I am sorry the right hon. Gentleman the President of the Local Government Board did not introduce this Bill by a statement. I appear here to-day in some sense as representative of the Statistical Society. We approached my right hon. friend with a memorial setting forth our case, and I have great pleasure in acknowledging the readiness with which he complied with many of our sugges- tions. I feel that I should not be in order if I were to enumerate all the points as to which alterations have been made in the Bill, but when I mention the fact that the vague term "storey," in the description of a house, has been changed to the word "tenement," I think the House will agree that a great improvement has been effected thereby. Then the date has been altered in accordance with our suggestion, and I believe that the change of date will tend to render the returns more satisfactory and of greater value. Another addition of great interest is the provision that a person not born in this country shall state in the schedule his nationality, for I am sure that that information will prove of great value in times to come in regard to legislation affecting aliens. I do not think I need occupy the time of the House by further referring to the new details, but I will make one general observation, and that is that the Bill, as compared with the Act of 1891, is more elastic in its provisions, more flexible, and much more easily adapted to the circumstances of cases as they arise. There is another point as to which I am bound to express my acknowledgments to the right hon. Gentleman. The Government have resisted the temptation to ask too many particulars. In the United States the census involved too many particulars, and that resulted in great inaccuracy and great delay in the issue of the reports, which consequently were not of that service to the community which otherwise they would have been. As regards the subject matter of the investigation, three things are essential. One is promptitude. You must have all the returns on a given day, or they are of no value. The next is accuracy as distinct from carelessness; for unless the questions put are of a simple character you may depend upon it that there will be a great want of accuracy and much remissness and carelessness in the filling up of the schedule. The third point to which the attention of the Government has been directed is that all information sought for should be such as that a certain statement of facts can be given. If you complicate your answers there will be great uncertainty as to some of the replies. They will consequently be less reliable, and the whole result of your labours will be of little value to the country. Having said so much in acknowledgment of the action of the Government in response to our memorial, I must express my great regret that I should have to-day, as in 1890,* to stand up in my place in the House of Commons and deplore the fact that the Government have not seen their way to adopt a quinquennial census. In the year 1890 there was a Departmental Committee presided over by my right hon. friend the Member for Bodmin, and the Report signed by him is undoubtedly worthy of careful consideration. This Committee recommended a quinquennial census, and they gave their reasons for so doing. I should be reluctant to ask the House to listen to those reasons, but still I think they are of such a character that they ought not to be neglected. It was pointed out by the Committee that the change of population in this country in the course of ten years is enormous, and calculations which had been made by the Registrar General were shown by the Committee to be grossly inaccurate. I do not blame that high official. He, no doubt, has done the best he could with the materials at his hand. I find, however, in the Report of the Committee, mention is made of an error at Salford to the extent of 16 per cent., another one at Oldham of 18 per cent., and a third in the metropolitan district of West Ham of 25 per cent. And if this applies to these cases to such a remarkable extent we may be sure that the same would apply, although with perhaps less force, to other districts. That is not all. During the last ten years the discrepancy has, no doubt, greatly increased, and I shall be surprised if it does not turn out when we compare the estimate made by the Registrar General with the facts disclosed by the census, that there is a wider and more startling discrepancy than any which occurred on the last occasion. We have to consider that the population of the country is becoming, to use a phrase of the day, more and more mobile. The working classes move in search of work more easily from district to district, with the result that there is a great change of population in our townships, especially in manufacturing districts Then, too, there is a great change in the areas of our towns and of country districts. The areas of Liverpool and Manchester have been largely increased in the course *For debates on the Census (England and Wales) Bill, 1890, see The Parliamentary Debates, Third Series, Vol. cccxlvii. of the last ten years, and I believe that in the case of Bradford it has twice enlarged in the course of the same time. These are reasons for a quinquennial census which, I think, are well worthy the consideration of the House. I do not desire that there should be particulars of every kind collected every five years. All that we desire is that we should have particulars of name, sex, and age, and I believe that such an inquiry could be conducted without any great expense. The quinquennial principle has already been adopted in London, and all we have to do is to make a similar change affecting the whole country minus London. If we cast our eyes across the seas, we find that a quinquennial census is taken in Germany, in Sweden, in France, and in fifteen States of America, as well as in New Zealand, Queensland, Manitoba, and in some of the most important districts of Canada. These countries differ as much from one another as they all differ from us, and yet they are all driven to the conclusion that a quinquennial census is desirable. I think the time has come when we in this country should adopt that great reform. It is said that the change would necessitate the creation of a census office. I should not myself regret that change. When we look at such public Departments as the Board of Trade, the Home Office, and the Board of Agriculture, we find that they produce Returns year by year relating to production and consumption. Surely if it be worth while to have a great Department carefully collecting statistics every year with regard to trade and commerce, it is not less the duty of the Local Government Board to accumulate similar information as regards the human beings who are our masters and whom we all serve. There would be another advantage from having a census office, and that is that it would be in continual correspondence with foreign nations, and it could keep us abreast of public opinion at home and abroad. I regret, and in this matter I speak entirely for myself, that there is an entire omission on all questions as regards the religion of those who fill up these schedules. We have, as is well known, questions on that subject in Ireland, and many foreign countries adopt the same system without, so far as I am aware, giving rise to any dissatisfaction. The Bill contains a provision of great value for securing absolute secrecy. I am glad of that, and, seeing that absolute secrecy is enjoined by the Act, I do not think that any danger could possibly arise from including in the schedule question as to the religious creed of the person filling it up. I thank the House for having listened to me so patiently. I thank the right hon. Gentleman for the manner in which he has met our suggestions. I hope that success will attend him in his great effort to give us an improved census, for I am quite confident that enormous advantage will accrue to this country from the greater care to be exercised in preparing it. I hope, too, that we shall have the information promptly. It is a melancholy thing to watch the volumes coming out slowly year after year, and I hope, therefore, that my right hon. friend will take care to have an efficient staff, so that the information may be available to the public before it is too late to render the service for which a census is taken.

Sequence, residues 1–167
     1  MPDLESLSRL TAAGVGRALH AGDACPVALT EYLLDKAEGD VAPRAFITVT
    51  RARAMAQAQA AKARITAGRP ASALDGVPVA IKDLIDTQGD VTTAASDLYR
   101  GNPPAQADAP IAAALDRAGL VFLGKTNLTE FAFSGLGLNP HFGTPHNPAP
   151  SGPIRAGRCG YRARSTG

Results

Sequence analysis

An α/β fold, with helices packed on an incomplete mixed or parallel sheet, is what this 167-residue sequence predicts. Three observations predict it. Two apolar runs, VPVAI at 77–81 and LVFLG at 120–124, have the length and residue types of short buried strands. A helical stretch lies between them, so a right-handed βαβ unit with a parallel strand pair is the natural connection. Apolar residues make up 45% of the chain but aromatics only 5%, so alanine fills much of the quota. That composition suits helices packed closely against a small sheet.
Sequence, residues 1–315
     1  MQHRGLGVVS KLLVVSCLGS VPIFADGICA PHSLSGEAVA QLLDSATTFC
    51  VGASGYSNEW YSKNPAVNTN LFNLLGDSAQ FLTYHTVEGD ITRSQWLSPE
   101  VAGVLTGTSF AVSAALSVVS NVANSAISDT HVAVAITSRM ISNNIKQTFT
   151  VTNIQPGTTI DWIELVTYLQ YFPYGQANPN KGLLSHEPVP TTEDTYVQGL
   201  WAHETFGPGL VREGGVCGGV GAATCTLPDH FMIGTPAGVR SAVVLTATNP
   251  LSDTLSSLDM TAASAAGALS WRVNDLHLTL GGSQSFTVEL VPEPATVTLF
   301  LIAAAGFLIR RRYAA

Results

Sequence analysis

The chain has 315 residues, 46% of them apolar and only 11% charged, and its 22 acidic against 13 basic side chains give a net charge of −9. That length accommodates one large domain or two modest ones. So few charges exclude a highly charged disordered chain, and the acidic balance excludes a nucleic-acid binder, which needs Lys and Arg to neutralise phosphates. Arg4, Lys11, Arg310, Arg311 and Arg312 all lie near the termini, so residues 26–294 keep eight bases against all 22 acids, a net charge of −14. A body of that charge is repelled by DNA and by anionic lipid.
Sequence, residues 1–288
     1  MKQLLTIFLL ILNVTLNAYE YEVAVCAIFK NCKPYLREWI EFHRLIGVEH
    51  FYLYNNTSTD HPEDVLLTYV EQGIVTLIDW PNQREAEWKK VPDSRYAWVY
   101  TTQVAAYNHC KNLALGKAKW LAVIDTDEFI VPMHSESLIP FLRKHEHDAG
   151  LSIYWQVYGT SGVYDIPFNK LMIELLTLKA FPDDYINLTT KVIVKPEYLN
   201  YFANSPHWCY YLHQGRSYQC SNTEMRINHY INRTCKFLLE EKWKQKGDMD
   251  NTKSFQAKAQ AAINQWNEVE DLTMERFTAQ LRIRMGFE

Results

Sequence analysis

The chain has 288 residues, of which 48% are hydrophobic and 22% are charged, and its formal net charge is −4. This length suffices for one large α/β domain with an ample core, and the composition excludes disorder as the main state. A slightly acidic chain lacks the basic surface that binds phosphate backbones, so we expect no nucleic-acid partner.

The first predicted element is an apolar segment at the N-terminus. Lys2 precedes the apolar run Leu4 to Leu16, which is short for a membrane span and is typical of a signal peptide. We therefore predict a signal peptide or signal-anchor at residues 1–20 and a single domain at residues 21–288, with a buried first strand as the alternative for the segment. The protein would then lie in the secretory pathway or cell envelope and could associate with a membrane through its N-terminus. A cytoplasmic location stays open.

I should like to say a word or two in support of my hon. friend's desire that we should have an intermediate census, and I may add that I think it would be a good thing to have a permanent Census Department. The Committee which has been referred to was one of the most interesting on which I ever had the honour to serve, thanks to the ability of many of my colleagues and to the knowledge displayed by many of the witnesses, who included some of the best known authorities. Our recommendation was that there should be a census every five years, and although Lord Welby, who represented the Treasury, put in a memorandum, thereby exercising the tyranny which that Department not infrequently displays, the document did not present an absolute bar to our proposal, but it suggested that the Government should authorise an intermediate census in a district which might be considered to require it. I think that was a very valuable suggestion. There can be no doubt, from the evidence given before the Committee, that we are behind some other countries in respect of the information which is given by our census. I should like to know something as to the character of the enumerators to be employed, especially in England. We found at the last census that this part of the work was pretty well done in Scotland and Ireland, but that it was badly done in England, because many of the enumerators were not reliable. I should be glad to know whether any security has been taken with regard to that. I believe some change is to be made in the manner in which the Scotch census is to be taken; but, as far as I can judge from the Bill, there will be no material difference in the procedure.